Written and directed by Rickman, there was just something missing here.  It felt like a longer film that was cut with a hatchet. The film looked lovely. The set design and costuming captured the gritty side of what it must have been like in the 17th century as everyone has a sort of shabby chic look.  But the story failed to engage.

Rosy the Reviewer says...if you like costume films that are beautiful to look at with excellent performances and an original plot, you might like this, but for me it didn't quite hit the mark.

***My 1001 Movies I Must See Before I Die Project***

291 to go!


An Actor's Revenge AKA "Revenge of a Kabuki Actor" (1963)


While touring in a kabuki troupe, female impersonator Yokinojo sees three men in the audience who drove his parents to suicide so he decides to seek revenge.
Yokinojo (renowned Japanese kabuki actor Kazuo Hasegawa,) cooly and calmly murders those who wronged him, all the while being observed by the thief, Yamitaro, also played by Hasegawa.
Directed by Kon Ichikawa, this film is a remake of a 1935 film that amazingly also starred Hasegawa and was his 300th role in a film.  It unfolds like a play, often with plain black backdrops and scenery that look fake.  It's all very stylized and theatrical, but it's supposed to be that way as Ichikawa parodies kabuki theatre.  Ichikawa started out as a cartoonist and it is evident here as the film plays like a cartoon.
"[This film] is one of the most outrageously entertaining Japanese films ever produced...Far from trying to tone down the project's improbabilities and absurdities, Ichikawa gleefully plays up everything artificial and theatrical about the story...blatantly fake sets, anomalous music, and distorted visuals.  The conventions of kabuki theatre are affectionately parodied, with ultrastyalized lighting and horizontal wipes across the CinemaScope screen."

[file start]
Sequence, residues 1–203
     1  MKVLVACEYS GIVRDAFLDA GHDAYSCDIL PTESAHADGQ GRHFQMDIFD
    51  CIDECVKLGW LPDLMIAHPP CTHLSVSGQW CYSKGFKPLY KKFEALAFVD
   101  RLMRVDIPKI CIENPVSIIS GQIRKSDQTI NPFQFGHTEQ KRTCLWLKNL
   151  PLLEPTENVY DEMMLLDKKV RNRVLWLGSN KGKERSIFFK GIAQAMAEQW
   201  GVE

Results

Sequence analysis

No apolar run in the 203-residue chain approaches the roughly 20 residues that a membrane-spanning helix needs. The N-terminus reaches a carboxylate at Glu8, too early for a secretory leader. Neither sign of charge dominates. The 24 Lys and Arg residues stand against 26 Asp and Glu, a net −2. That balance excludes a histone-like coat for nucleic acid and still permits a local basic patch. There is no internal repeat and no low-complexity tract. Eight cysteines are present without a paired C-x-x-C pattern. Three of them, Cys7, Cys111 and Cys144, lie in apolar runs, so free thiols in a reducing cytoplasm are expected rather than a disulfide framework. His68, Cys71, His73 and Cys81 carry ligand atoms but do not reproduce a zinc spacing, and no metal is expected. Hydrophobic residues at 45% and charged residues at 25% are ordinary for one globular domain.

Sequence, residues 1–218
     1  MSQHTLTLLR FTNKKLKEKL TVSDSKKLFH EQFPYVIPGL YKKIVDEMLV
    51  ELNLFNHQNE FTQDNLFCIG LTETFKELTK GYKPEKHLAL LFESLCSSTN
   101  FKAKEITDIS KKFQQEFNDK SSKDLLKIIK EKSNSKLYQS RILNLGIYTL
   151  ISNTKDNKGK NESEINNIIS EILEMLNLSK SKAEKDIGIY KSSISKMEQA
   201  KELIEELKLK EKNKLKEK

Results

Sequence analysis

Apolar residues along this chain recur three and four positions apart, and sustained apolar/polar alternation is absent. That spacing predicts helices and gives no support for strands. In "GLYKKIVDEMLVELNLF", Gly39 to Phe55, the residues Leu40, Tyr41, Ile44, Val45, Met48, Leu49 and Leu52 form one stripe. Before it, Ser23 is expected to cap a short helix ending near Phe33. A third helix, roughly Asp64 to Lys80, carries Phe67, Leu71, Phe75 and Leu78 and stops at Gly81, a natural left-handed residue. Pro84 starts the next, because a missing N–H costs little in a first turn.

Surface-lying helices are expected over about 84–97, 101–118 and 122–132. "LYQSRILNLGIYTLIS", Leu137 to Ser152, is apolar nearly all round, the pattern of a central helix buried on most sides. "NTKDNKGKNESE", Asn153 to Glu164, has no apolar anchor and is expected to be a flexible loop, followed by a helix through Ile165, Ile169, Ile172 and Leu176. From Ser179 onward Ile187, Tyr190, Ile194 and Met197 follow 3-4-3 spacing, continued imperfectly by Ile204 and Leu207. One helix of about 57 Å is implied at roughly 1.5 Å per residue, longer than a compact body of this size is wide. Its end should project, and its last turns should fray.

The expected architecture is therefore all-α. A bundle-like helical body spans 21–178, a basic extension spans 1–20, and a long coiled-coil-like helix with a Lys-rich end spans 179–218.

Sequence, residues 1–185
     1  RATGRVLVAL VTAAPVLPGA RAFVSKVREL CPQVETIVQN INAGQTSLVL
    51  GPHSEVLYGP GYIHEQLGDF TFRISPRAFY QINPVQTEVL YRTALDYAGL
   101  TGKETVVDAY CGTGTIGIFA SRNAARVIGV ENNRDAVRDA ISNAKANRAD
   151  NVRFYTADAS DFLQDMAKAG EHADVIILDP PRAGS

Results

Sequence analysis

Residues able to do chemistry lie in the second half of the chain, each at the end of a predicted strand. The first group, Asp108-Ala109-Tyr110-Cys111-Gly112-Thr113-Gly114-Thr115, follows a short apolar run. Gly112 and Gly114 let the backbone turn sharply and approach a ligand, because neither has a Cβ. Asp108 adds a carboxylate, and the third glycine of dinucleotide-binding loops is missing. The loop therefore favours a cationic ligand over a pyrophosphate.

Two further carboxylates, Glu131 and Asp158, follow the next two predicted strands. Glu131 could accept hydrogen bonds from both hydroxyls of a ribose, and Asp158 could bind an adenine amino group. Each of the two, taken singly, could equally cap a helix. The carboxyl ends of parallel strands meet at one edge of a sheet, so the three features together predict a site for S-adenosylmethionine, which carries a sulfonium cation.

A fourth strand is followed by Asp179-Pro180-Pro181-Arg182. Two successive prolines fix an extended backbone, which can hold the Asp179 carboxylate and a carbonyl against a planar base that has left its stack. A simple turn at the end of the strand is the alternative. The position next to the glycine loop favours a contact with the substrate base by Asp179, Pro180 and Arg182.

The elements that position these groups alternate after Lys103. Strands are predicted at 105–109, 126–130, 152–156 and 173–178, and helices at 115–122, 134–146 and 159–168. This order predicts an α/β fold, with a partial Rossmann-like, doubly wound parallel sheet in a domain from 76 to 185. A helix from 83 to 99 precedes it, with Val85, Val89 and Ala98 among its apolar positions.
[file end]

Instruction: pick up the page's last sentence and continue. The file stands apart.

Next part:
---"1001 Movies You Must See Before You Die."
Rosy the Reviewer says...this film lost me somewhere between the fake sets and the improbable story.  I will go with the outrageous part of the critique from "1001 Movies..." but not the entertaining part.  I could have done without seeing this one before I died.


***Book of the Week***

When Things Fall Apart  by Pema Chodron (2000)

Wisdom to help us go on living when our lives fall apart.
I first heard Pema Chodron when she was on Oprah's "Super Soul Sunday," one of those "TV Shows I Never Thought I Would Like" that I talked about last week.
When she talked about her life falling apart after her husband left her, I could relate to that experience.
Pema is an American devotee of Tibetan Buddhism, an ordained nun and a follower of Chogyam Trungpa.   She was born Deirdre Blomfield-Brown and lived a wealthy life but after two divorces started to seek something more.  She met Chogyam Trumgpa in 1972 and studied with him until his death in 1987.
A central theme of her teachings is the belief in "shenpa," or attachment, which she interprets as "getting hooked" to negative and self-destructive responses to comments or situations that remind us of something negative in our pasts.
"Somebody says a mean word to you and then something in you tightens — that's the shenpa. Then it starts to spiral into low self-esteem, or blaming them, or anger at them, denigrating yourself. "
This book includes a series of talks Pema gave from 1987 to 1994 and her advice is both spiritual and practical.
She stresses using our pain to gain wisdom, compassion and courage; communication; and how to reverse habitual patterns.

Rosy the Reviewer says...comfort food for the soul.

Thanks for Reading!

 That's it for this week.

See you Tuesday for

"How To Have a Successful
(and Happy)
Mother/Daughter Getaway, Pt. 1: Santa Fe, Taos, and Albuquerque